Re: PA 10 HF linear
I didn't measure it accurately, but the analog meter on my 12.0 vdc power supplytoggle quoted messageShow quoted text
showed around 15ma when I first powered up, this rose to around 60ma when TX was grounded.
The difference of roughly 60-15=45ma was due to the BS170 quiescent current in the driver,
I saw about 2.7v on the BS170 gates.
Looking at the BS170 biasing circuit, I'd expect the total quiescent current through
the BS170's to be 3*0.7vbe/33ohms = 64ma, not the 45ma I wrote down.
My power supply meter could well have been off by that much.
I suggest you leave R211 and R215 fully counter-clockwise (minimum) until you figure out
where that extra 200ma is going.
Does the current fall to around 15ma when you do not have TX grounded?
Is anything getting hot (especially the BS170's in the driver, the 7805 regulator, the IRF510's)?
The gates of the IRF510's should both be zero volts dc, are they?
What voltage do you see on the gates of the BS170's in the driver?
When you get around to driving that amp with some RF, here's a few notes:
Gain of this amp has been said to be around 26dB, equally divided between the BS170 driver
and IRF510 final. We expect an output of 10watts = 10*log10(10000mw/1mw) = 40dBm.
Drive into the amp should be around 40dBm - 26dB = 14dBm = 10**(14/10) = 25mW,
but that must be efficiently coupled into the roughly 200 ohm input impedance
(not measured, and will vary with frequency) of the BS170 driver.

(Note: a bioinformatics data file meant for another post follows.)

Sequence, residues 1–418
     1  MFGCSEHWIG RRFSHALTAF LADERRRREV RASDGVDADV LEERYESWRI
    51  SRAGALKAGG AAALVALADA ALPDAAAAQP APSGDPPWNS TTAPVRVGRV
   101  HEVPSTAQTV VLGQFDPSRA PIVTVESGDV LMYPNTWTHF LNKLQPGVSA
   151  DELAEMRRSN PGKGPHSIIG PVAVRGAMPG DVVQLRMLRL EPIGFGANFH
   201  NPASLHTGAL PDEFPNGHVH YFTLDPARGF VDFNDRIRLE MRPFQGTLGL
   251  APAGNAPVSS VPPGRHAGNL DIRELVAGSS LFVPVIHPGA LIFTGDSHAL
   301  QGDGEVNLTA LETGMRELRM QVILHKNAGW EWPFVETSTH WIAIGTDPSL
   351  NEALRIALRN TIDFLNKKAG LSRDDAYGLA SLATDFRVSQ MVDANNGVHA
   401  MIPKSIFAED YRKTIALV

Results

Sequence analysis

Most of us will just put a 68 ohm resistor across the input in parallel with that 200 ohms,
so our source of RF will see a load of 68*200/(68+200) = 50 ohms.
And then increase the drive up from 25mW to compensate for the loss of power
in the 68 ohm resistor. The 68 ohm resistor will draw about 200/68 = 3 times
as much current as the 200 ohm resistor, and thus three times as much of the
available power. Total power from the exciter is thus 4 times what goes into
the 200 ohm driver stage, so about 4*25mw = 100mW for 10 watts out.
I have not yet made careful measurements of my power gain at various
frequencies, but that should be in the ballpark.
Be careful that the big nut used as a spacer between the board and the heatsink
does not short out the cathode 1n4004 diode. Turn that nut such that a flat edge
faces the diode. Though if it were shorted, I'd expect this to cut BS170 bias current
from my 45ma (or 64ma) down to zero, without damaging anything.
On Sun, Jan 27, 2019 at 10:16 AM, Toni Cossio wrote:
I have completed the assembly of the "PA 10 HF linear".